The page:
RULE 1:        Use a comma with coordinating conjunctions (and, or, but, yet, so, for, nor) linking independent clauses.  DO NOT place a comma after a coordinating conjunction that joins independent clauses.  DO NOT place a comma between two independent clauses without a coordinating conjunction (comma splice).

                        EXAMPLE:  The moving van led the way, and we followed in the car. 

EXAMPLE:  Ill join you in Florida as soon as I can, but I have a weeks worth of work to do first. 

RULE 2:        Use a comma after introductory words, phrases, and clauses.  If the introductory element is short and cannot cause confusion, you may omit the comma.

                        EXAMPLE:  As soon as Ive finished my paper, Ill join you for dinner.

                        EXAMPLE:  If you have any questions, please let me know.   

RULE 3:         Use a comma to separate items in a series (three or more elements).

                         EXAMPLE:  Guests will need, pillows, linens, and towels. 

                        However, if the items themselves contain commas, use semi-colons.

Example:  If its a bakery, they have to sell cake; if its a photography shop, they have to develop film; and if its a dry-goods store, they have to sell warm underwear.    

RULE 4:         Use a comma with coordinate adjectives.   

TEST # 1:  If the order of the adjectives could be reversed without changing the meaning, use a comma between them. 

TEST # 2:  If and could be inserted between the adjectives without changing the meaning, use a comma.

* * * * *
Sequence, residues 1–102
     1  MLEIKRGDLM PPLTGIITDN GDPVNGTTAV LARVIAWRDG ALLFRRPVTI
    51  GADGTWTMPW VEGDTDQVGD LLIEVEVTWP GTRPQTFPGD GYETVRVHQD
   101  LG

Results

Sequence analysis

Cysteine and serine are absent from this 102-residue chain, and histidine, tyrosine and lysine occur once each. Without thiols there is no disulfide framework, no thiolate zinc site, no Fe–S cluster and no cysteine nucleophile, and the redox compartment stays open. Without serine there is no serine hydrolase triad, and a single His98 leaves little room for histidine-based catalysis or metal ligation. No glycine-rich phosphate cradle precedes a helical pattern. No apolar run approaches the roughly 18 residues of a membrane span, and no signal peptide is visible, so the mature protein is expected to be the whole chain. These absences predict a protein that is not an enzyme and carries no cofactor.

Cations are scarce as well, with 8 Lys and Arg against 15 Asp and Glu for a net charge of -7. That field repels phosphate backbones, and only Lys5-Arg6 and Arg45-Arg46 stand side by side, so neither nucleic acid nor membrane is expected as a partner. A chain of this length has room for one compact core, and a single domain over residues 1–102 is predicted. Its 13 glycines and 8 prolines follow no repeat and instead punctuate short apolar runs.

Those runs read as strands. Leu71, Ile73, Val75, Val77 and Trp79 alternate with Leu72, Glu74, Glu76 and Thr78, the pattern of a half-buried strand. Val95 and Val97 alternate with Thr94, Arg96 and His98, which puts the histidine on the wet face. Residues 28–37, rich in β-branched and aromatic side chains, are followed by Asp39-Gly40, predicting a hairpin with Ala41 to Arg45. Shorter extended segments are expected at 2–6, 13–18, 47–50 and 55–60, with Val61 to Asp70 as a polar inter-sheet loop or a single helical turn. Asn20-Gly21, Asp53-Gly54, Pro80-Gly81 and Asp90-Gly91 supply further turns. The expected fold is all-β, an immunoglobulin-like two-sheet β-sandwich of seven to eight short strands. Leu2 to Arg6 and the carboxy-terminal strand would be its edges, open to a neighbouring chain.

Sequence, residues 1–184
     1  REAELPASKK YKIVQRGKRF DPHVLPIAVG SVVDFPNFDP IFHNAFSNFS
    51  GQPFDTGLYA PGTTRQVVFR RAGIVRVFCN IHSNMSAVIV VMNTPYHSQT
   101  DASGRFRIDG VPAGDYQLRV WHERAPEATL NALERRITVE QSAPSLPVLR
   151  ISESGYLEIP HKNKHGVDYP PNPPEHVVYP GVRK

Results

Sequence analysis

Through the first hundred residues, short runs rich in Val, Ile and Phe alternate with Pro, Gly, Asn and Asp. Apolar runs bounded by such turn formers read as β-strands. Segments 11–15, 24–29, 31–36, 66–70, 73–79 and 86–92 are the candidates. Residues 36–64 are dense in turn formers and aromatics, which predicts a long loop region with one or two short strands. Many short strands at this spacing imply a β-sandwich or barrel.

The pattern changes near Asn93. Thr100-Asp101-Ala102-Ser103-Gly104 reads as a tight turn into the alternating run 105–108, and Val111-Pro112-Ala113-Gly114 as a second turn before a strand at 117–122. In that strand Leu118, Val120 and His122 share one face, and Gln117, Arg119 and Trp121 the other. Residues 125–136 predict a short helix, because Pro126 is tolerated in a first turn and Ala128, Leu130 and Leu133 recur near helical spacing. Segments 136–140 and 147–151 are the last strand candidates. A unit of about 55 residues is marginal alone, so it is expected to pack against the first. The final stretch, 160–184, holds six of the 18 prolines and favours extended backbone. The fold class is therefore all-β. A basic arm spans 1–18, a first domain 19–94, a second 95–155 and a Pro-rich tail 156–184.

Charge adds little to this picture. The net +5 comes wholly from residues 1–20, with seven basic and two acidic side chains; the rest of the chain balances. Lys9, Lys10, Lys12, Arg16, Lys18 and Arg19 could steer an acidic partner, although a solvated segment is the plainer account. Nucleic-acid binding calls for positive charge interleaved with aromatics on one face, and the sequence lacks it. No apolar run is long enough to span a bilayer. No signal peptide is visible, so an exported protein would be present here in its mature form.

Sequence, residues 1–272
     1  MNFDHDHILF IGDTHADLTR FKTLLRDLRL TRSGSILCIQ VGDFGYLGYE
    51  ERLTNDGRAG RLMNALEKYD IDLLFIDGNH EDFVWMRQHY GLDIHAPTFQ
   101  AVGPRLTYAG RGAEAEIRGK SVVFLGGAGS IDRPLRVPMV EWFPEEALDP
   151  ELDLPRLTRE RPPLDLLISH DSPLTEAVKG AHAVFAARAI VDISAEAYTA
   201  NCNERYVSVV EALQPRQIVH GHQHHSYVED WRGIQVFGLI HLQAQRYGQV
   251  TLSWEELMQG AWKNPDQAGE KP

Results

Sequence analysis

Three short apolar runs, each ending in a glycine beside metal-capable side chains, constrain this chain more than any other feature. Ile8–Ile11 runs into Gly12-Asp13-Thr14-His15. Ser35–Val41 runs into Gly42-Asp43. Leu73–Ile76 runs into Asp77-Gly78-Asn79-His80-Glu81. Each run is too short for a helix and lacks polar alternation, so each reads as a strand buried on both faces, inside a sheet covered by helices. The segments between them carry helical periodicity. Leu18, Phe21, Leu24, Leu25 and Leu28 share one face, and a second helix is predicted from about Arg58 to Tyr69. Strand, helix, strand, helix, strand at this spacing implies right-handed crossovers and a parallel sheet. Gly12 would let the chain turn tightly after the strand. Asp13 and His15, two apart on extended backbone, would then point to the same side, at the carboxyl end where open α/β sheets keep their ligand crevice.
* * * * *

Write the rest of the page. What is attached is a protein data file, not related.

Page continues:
EXAMPLE:  On a cold, dark, gray day, the rescue workers began their search for the missing child. 

  RULE 5:      Use a comma with nonrestrictive (nonessential) elements. 

                        EXAMPLE:  Her father, who ran a grocery store for thirty years, retired this week. 

                        EXAMPLE: Joes remark, which was not meant to be unkind, offended Jan. 

RULE 6:        Use a comma to set off transitional and parenthetical expressions, contrasts, words of direct address, and tag sentences. 

                        Transitional expressions see pages 84 and 162 in S&S

            EXAMPLE:  I disagree strongly.  I plan, moreover, to speak against your proposal   in the meeting.  However, I wanted to tell you of my objection personally. 

            Contrast states what is not the case

            EXAMPLE:  Many students are interested only in a degree, not in an education.  

            Direct address names the person or persons being spoken to

            EXAMPLE:  Beth, you must realize that you are partially responsible. 

            Interrupting constructions

                        EXAMPLE:  Spring, I believe, has finally come to stay.

RULE 7:         Use a comma to separate quoted material from explanatory words.  This is NOT necessary if you have integrated the quoted material into the sentences grammatical structure.

                        EXAMPLE:  After a pause, he said, Ill join you shortly.

                        EXAMPLE:  Not that complaint again, she protested.